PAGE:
A stunning musical biography of Stevie Nicks that paints a portrait of an artist, not a caricature of a superstar.
Reflective and expansive, Mirror in the Sky situates Stevie Nicks as one of the finest songwriters of the twentieth century.
This biography from distinguished music historian Simon Morrison examines Nicks as a singer and songwriter before and beyond her career with Fleetwood Mac, from the Arizona landscape of her childhood to the strobe-lit Night of 1000 Stevies celebrations.
Simon Morrison teaches music history at Princeton University and is a lifelong fan of Stevie Nicks.
You are a Russian music and dance scholar by training. What inspired you to write about Stevie Nicks?
The book arose about six years ago in conversation with people who love Stevie Nicks’s song “Dreams” just because they do, without needing or wanting to explain the love. I am one of those people, though writing about “Dreams” and other songs meant thinking about that love as opposed to leaving it be.
I’ve been listening to her music throughout my life, and I played the Fleetwood Mac album Tusk endlessly when it was released. Besides “Dreams,” I think “Sara” and “Storms” are two of the finest songs ever written, and I so adore “Angel” that I made her 1979 performance of that song in St. Louis the opening scene of the book. She sang it that night like a twenties showgirl while also treating the audience to something unexpected: buck-and-wing dancing, blending steps from the Mashed Potato and the Charleston, channeling the Follies. It’s a great performance, one of the greatest in rock ‘n’ roll history, and researching how the song was written, and recorded, and performed opened up an entire cosmos for me.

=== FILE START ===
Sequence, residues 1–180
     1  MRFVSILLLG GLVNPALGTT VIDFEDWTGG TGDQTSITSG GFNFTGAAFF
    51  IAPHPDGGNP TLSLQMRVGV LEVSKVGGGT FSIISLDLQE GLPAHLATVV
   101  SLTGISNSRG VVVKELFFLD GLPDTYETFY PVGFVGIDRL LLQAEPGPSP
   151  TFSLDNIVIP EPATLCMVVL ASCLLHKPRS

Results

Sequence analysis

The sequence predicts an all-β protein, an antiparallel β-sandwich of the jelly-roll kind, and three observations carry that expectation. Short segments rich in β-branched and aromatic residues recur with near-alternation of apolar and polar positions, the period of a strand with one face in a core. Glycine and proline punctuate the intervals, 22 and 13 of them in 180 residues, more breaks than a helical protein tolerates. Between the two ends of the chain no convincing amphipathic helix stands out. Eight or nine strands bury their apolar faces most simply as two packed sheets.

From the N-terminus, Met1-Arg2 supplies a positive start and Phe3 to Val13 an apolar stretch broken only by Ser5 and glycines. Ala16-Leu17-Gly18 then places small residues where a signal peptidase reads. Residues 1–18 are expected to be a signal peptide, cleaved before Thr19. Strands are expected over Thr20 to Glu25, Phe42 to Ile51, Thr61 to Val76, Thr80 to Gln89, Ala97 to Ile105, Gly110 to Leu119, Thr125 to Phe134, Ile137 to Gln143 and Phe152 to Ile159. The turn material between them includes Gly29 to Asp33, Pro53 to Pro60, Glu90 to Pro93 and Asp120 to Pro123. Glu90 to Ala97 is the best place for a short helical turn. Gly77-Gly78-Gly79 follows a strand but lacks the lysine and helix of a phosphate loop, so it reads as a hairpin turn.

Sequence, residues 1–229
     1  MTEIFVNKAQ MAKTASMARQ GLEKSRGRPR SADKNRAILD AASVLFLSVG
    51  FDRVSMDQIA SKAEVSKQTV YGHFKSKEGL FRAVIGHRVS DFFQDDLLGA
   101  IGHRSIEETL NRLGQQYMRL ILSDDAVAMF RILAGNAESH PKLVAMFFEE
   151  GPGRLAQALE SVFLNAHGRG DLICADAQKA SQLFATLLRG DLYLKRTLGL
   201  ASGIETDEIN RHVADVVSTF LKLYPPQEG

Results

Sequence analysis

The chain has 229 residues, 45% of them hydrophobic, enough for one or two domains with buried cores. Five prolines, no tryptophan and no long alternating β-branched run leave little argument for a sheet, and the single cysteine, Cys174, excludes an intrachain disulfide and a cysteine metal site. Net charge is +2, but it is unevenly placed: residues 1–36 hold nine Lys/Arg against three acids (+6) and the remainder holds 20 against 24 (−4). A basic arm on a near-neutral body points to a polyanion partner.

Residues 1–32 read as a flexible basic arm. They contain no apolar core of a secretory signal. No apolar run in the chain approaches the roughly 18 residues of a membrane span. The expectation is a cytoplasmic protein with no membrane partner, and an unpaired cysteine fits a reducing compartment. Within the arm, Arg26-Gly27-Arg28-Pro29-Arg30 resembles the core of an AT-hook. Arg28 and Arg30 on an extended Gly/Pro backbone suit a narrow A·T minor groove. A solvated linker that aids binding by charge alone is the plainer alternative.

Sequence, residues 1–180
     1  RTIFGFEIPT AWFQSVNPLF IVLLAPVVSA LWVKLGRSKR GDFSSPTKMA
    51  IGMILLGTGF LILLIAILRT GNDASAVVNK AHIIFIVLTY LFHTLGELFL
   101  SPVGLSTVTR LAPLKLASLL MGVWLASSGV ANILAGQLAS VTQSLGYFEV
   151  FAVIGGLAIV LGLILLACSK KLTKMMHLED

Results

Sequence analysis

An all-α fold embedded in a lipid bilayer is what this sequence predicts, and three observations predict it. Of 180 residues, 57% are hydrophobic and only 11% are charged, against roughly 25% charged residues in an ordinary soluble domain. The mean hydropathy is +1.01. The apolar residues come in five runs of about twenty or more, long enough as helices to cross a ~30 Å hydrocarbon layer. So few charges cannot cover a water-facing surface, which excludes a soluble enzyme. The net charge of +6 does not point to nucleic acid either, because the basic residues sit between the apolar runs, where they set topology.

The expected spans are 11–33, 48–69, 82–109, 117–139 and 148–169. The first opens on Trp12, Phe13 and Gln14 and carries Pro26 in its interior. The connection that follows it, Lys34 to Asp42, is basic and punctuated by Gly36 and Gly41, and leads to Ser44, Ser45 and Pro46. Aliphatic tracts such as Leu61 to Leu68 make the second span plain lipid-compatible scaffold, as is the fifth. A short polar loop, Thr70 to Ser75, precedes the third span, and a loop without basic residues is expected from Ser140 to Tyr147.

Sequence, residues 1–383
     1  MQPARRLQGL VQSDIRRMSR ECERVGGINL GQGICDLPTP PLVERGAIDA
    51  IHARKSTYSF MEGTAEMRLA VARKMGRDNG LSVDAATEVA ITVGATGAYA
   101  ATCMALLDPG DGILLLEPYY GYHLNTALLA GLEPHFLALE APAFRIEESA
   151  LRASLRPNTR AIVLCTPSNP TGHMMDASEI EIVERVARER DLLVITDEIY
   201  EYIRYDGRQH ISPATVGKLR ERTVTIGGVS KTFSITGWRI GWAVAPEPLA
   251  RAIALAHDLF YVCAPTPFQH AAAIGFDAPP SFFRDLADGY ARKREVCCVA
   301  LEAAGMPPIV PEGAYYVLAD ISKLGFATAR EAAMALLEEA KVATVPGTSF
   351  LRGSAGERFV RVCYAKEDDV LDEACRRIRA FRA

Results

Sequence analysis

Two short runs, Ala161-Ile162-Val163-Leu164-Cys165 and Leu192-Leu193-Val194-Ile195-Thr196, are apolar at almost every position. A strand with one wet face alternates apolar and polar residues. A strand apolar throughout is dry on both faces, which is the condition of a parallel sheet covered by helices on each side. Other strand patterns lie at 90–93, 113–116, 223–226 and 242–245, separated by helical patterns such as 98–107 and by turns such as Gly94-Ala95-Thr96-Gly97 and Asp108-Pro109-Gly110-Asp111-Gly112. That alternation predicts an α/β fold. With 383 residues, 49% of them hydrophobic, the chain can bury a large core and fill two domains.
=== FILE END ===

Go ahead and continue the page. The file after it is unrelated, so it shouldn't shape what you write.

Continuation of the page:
Nicks has previously been the subject of biographies, hagiographies, and even demonographies by journalists and critics. How would you say Mirror in the Sky differs from these previous accounts?
Reading the books and articles about her career I always found myself disappointed. There’s so much gossip and tattle out there but nothing that explores her creativity and immense power as a performer. Misogyny is a factor, I regret to say. Her femininity dominates her literary imaginings, her musical textures, and her deviations from girl-in-the-band compliance. Femininity has a fraught relationship with rock ’n’ roll as chronicled by men. Much writing about the popular music industry exalts male artists, including those at the console adjusting inputs and outputs. I guess I wrote my book in response to the others, focusing on her process, her sources of inspiration, and the bond she has created with her audiences as truth-teller.
Stevie Nicks was there at the moments in our recent history where politics, music, and art came together to form a unique American sound. Is there one story that you didn’t know before writing this book that stood out to you as emblematic of that era?